Aims: We address the role of short-term goals in virtual reality (VR) applications for motor relearning, which benefit stroke therapy.
Methods: We let stroke patients as well as healthy participants perform reaching tasks in a VR environment for motor rehabilitation, the so-called rehabilitation gaming system (RGS). During the task, patients were provided
with feedback about one’s own performance (mastery goal), healthy participants additionally received feedback of others performances (ego
goal). Measurements include protocols for motor learning and different kinetic variables (both stroke patients and healthy participants) as well as subscales of the intrinsic motivation inventory (IMI) (only healthy participants). As healthy participants showed lower fatigue levels, we could apply additional measurements.
Results: Both mastery goals and ego goals potentially enhance intrinsic motivation and adherence, as they show to foster task performance (e.g., response time in mastery goals decreased with p = 0.014 for healthy participants, for stroke patients with p = 0.011 in the first iteration) as well as perceived effort (p = 0.007 for mastery, p = 0.008 for ego goals). As a secondary outcome, by controlling task difficulty, motor learning does not change across conditions (p = 0.316 for stroke patients, p = 0.323 for healthy participants). This raises the question whether or not task difficulty alone fosters the effectivity of VR based therapy applications, i.e., motor learning, to which motivators such as short-term goals provide little trade-off.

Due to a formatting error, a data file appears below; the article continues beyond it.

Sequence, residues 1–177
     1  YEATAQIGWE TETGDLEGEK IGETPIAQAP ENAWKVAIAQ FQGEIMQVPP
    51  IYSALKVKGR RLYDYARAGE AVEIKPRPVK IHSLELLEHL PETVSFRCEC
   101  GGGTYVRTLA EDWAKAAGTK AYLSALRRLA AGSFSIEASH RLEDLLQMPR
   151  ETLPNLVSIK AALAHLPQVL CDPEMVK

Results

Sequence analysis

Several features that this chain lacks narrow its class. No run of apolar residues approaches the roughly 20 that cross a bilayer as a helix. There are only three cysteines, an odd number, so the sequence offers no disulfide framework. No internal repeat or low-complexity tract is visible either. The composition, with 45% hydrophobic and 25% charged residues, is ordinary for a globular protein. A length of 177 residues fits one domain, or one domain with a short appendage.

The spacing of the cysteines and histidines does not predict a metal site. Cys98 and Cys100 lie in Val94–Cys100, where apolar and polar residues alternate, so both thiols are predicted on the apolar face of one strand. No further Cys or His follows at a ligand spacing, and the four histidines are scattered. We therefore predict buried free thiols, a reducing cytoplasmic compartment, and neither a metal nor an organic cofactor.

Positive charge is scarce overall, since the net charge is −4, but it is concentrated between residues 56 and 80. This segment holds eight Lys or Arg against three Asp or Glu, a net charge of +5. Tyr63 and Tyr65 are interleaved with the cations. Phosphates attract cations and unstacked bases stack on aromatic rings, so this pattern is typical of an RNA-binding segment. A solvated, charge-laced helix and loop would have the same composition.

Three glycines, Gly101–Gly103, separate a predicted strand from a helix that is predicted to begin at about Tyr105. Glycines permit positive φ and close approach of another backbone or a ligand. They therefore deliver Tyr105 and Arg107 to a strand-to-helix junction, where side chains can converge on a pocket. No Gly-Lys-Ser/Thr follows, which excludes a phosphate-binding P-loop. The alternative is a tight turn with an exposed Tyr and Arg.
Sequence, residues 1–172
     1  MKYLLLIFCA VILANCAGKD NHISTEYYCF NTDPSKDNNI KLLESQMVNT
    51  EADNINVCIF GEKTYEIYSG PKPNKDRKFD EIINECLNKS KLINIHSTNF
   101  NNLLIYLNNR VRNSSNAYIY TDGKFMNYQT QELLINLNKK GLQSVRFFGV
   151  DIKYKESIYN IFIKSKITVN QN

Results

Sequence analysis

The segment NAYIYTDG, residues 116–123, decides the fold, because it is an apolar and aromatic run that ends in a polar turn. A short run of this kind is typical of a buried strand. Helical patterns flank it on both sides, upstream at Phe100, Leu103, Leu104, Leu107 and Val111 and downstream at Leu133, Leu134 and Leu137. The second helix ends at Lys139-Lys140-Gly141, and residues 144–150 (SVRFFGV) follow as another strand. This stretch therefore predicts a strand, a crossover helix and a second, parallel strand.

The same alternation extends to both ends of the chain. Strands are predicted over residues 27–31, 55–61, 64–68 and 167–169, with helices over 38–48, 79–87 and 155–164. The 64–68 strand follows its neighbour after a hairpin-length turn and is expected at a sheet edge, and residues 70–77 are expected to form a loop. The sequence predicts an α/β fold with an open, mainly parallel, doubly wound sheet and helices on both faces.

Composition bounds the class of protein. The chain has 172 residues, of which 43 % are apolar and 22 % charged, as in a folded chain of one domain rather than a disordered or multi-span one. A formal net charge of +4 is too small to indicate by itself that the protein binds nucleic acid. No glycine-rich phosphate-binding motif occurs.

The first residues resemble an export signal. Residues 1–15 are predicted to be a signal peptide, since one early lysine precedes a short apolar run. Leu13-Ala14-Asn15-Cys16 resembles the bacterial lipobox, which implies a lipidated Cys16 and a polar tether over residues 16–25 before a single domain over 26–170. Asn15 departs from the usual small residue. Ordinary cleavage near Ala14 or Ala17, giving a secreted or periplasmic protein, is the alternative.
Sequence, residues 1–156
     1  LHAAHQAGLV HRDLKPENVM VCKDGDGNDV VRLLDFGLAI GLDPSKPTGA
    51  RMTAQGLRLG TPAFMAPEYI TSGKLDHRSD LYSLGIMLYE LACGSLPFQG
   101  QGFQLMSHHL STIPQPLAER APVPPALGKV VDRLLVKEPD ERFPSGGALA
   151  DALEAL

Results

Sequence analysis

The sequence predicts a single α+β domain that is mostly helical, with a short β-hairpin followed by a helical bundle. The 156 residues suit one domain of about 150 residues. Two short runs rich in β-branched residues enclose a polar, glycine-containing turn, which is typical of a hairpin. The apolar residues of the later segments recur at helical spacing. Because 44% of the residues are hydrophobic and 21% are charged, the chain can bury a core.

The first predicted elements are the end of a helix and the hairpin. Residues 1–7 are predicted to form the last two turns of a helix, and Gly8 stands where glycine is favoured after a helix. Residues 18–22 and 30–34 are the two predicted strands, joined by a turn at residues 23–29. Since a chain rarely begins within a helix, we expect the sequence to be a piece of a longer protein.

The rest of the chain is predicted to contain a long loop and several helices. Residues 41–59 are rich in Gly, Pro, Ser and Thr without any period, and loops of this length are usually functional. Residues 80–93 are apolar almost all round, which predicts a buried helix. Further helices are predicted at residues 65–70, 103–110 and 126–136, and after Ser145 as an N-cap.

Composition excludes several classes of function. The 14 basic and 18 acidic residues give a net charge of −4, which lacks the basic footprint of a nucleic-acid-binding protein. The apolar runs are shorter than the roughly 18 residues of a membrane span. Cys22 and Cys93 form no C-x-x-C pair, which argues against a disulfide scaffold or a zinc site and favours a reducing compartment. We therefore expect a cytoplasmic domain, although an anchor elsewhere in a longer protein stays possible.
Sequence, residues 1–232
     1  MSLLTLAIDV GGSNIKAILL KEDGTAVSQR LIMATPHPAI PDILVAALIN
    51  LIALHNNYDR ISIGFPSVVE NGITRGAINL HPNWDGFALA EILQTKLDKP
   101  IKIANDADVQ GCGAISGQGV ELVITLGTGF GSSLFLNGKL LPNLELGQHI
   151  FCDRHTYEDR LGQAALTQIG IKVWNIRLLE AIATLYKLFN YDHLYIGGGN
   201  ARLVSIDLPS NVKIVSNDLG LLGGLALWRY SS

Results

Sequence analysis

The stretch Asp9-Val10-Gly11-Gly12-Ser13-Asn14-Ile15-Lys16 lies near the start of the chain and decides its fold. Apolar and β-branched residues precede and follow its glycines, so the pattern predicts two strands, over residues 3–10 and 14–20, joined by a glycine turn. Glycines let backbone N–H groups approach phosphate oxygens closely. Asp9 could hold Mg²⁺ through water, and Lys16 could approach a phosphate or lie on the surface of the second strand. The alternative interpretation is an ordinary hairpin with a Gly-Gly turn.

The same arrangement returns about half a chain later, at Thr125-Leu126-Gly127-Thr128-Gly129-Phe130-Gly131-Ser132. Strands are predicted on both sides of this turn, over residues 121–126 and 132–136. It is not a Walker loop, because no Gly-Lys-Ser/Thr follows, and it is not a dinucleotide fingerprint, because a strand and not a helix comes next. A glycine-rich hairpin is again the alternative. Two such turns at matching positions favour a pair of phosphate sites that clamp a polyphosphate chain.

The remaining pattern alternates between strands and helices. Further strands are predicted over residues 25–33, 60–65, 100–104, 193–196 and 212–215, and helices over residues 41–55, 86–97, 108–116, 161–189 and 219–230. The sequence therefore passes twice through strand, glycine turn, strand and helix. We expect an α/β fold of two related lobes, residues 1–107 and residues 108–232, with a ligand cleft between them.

Conclusion: Firstly, we suggest the implementation of mastery and ego goals in VR based stroke therapy, as adherence benefits from the motivational context they provide. Secondly, we argue towards simplicity regarding heuristics in therapeutic game design, which apparently often does not differ from conventional game design apart from setting the right level of challenge.